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Maria Falu-Rodriguez

Purchasing Short Sales

Are you looking to buy a new home? Well, in this market there are a lot of bargains and Short Sales are a top pick for those looking to buy a home at a discount. A short sale is different from a foreclosure, which is when the seller's lender has taken title of the home and is selling it directly. Homeowners often try to accomplish a short sale in order to avoid foreclosure. Although a short sale purchase is becoming increasingly popular due to today's economic environment and the great bargains available, a short sale holds potential pitfalls for buyers. So you need to know the risks before you pursue a short-sale purchase. 

You May be a Good Candidate for a Short Sale Purchase if:

  • You're very patient. Even after you come to agreement with the seller to buy a short-sale property, the seller’s lender (or lenders, if there is more than one mortgage) has to approve the sale before you can close. When there is only one mortgage, short-sale experts say lender approval typically takes a minimal of two months. If there is more than one mortgage with different lenders, it can take four months or longer for the lenders to approve the sale.
  • Your financing is in order. Lenders like cash offers. But even if you can’t pay all cash for a short-sale property, it’s important to show you are well qualified and your financing is set. If you're pre-approved, have a large down payment, and can close at any time, your offer will be viewed more favorably than that of a buyer whose financing is less secure.
  • You don’t have any contingencies. If you have a home to sell before you can close on the purchase of the short-sale property, or you need to be in your new home by a certain time and if you want the bank or homeowner to make some repairs in order for you to buy it—a short sale may not be for you. Lenders like no-contingency offers and flexible closing terms.

If you're serious about purchasing a short-sale property, it's important for you to have expert assistance. We have agents that specialize in Short Sales and have the CDPE designation that proves it. If you are serious about purchasing a Short Sale, it is important you work with an agent who is qualified and experienced in Short Sales. There are many real estate agents who don't know anything about Short Sales, don't like to do Short Sales and will hurt your chances of a successful closing if they have no clue what they are doing. There is a lot of work involved to get a Short Sale approved and lots of communication to be had with the lender and if you have the wrong agent on your side it can mean disaster. Short sales aren't high on the list of a buyer’s agent favorite transactions. Deals take longer to close and sometimes they don't close at all. The listing verbiage needs to assure the buyer's agent it's worth the time invested. We suggest you interview agents and ask them about their Short Sale experience, how many buyers or seller have they represented and how many Short Sales have they successfully closed.

Genesis Real Estate Service's agents will be able to show you Short Sale homes available in your area, help negotiate the purchase when you find the property you want to buy and smooth over communications with the lender.

Some of the Other Risks Faced by Buyers of Short Sale Properties Include:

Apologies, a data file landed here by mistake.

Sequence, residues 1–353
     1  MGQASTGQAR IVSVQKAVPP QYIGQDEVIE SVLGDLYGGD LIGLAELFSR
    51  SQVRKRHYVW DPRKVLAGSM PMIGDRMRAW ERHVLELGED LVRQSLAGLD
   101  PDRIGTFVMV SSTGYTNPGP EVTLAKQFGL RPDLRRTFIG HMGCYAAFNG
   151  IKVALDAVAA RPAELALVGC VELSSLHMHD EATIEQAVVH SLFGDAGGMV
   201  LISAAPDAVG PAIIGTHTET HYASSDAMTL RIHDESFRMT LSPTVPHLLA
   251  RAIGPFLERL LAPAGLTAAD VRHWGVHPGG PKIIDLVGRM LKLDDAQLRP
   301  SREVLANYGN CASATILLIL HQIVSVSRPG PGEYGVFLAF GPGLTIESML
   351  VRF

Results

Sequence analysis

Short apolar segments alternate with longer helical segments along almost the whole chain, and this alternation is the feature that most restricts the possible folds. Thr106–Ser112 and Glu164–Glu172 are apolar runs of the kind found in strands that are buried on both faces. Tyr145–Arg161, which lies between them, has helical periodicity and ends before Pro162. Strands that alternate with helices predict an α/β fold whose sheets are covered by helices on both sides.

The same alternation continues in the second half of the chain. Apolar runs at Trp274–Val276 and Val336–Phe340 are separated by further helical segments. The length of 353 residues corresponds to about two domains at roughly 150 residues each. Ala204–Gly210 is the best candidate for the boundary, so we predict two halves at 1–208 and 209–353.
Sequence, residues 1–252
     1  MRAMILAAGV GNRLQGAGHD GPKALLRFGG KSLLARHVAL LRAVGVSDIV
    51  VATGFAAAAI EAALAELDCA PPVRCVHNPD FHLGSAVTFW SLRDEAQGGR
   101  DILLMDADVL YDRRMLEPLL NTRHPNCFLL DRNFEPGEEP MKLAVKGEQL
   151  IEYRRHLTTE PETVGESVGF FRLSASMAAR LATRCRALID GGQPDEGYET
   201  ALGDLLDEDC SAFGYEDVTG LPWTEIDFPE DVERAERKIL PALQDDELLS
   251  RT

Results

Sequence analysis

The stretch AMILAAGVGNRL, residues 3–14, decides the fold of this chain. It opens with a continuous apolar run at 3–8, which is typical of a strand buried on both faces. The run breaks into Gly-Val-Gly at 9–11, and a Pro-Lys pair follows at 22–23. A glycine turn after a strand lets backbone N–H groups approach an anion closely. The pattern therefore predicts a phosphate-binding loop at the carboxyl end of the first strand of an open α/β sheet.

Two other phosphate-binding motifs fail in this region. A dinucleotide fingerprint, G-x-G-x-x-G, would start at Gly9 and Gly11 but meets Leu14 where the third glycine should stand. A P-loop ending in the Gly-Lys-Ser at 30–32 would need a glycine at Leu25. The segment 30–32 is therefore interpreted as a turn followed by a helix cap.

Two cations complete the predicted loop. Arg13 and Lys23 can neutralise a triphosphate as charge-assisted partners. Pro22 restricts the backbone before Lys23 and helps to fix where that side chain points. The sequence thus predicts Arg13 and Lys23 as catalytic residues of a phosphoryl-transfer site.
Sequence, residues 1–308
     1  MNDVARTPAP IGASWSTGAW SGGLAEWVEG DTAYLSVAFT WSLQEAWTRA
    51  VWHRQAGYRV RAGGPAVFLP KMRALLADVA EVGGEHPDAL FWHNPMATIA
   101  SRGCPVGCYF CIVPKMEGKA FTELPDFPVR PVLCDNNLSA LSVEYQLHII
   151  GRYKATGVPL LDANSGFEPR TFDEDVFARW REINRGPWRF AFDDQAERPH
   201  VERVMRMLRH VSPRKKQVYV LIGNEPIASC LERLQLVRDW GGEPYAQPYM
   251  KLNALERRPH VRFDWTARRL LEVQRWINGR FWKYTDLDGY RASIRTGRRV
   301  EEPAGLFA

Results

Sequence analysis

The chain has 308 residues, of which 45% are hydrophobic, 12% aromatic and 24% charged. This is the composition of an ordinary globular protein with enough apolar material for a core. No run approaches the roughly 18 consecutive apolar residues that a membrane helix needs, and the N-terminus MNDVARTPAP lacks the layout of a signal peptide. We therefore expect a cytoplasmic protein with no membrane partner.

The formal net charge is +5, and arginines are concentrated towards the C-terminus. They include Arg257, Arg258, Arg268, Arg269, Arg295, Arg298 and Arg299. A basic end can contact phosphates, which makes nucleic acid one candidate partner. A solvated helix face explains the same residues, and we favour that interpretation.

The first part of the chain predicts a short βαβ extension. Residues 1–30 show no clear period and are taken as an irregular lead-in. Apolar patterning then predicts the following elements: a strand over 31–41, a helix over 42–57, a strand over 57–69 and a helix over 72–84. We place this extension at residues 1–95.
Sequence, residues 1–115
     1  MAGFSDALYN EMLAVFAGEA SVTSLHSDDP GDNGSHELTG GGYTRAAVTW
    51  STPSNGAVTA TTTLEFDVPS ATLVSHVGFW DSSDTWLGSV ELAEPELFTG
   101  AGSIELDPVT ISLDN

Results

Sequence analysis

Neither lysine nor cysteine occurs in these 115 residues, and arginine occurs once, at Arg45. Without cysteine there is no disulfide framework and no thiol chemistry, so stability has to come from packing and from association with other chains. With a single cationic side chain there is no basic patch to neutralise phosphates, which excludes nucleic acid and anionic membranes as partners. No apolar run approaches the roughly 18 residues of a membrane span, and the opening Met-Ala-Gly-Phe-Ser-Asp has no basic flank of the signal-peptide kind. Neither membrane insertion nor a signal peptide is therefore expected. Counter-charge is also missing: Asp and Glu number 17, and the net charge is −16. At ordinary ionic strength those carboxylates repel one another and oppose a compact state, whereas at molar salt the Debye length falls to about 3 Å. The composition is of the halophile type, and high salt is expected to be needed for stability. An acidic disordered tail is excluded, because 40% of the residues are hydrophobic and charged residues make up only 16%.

Potential for Rejection

Lenders want to minimize their losses as much as possible. If you make an offer tremendously lower than the fair market value of the home, chances are that your offer will be rejected. Our expert agents will sit down with you to strategize your offer once you find a property you want.

Bad Terms

Even when a lender approves a short sale, it could require that the sellers sign a promissory note to repay the deficient amount of the loan, which may not be acceptable to some financially desperate sellers. In that case, the sellers may refuse to go through with the short sale. Lenders also can change any of the terms of the contract that you’ve already negotiated, which may not be agreeable to you. There may be times where the lender can change the potential closing date to a longer or shorter time frame already agreed upon in the original agreement that may not be convenient to you.

No Repairs or Repair Credits

You will most likely be asked to take the property “as is.” If the property is already abandoned, there may be a strong chance that the home may have been or will be vandalized. If that the case, the bank will not make any repairs. Lenders are not in the construction business so don't expect them to bend to any requests for repairs. The seller is most likely going through a difficult time so chances are they are not going to make any repairs either. You must be aware of the type of mortgage you are approved for. FHA requirements are very strict and most of the time appraisers will require repairs. If they do, these will have to be repairs that the buyer will have to assume and the bank would have to agree to those terms. Remember that lenders are already taking a loss on the property and may not agree to requests for repair credits.

Seller Assist

When a buyer may not have enough funds to cover closing costs, they usually request a percentage of the seller's profit to cover those costs. Six percent is the highest allowed by law at this moment. Problem is, in a Short Sale scenario, there is no profit. The seller doesn't receive any money on the sale and the lender is already taking a loss. Banks in advance calculate what they are willing to lose. If you request seller assist, chances are the bank may deny your offer and wait for one that is not requesting it or may be asking less of it. Remember, in a Short Sale scenario, the bank is also paying out real estate commission to the buyer and seller agents while still assuming a loss. So, be careful what you ask for!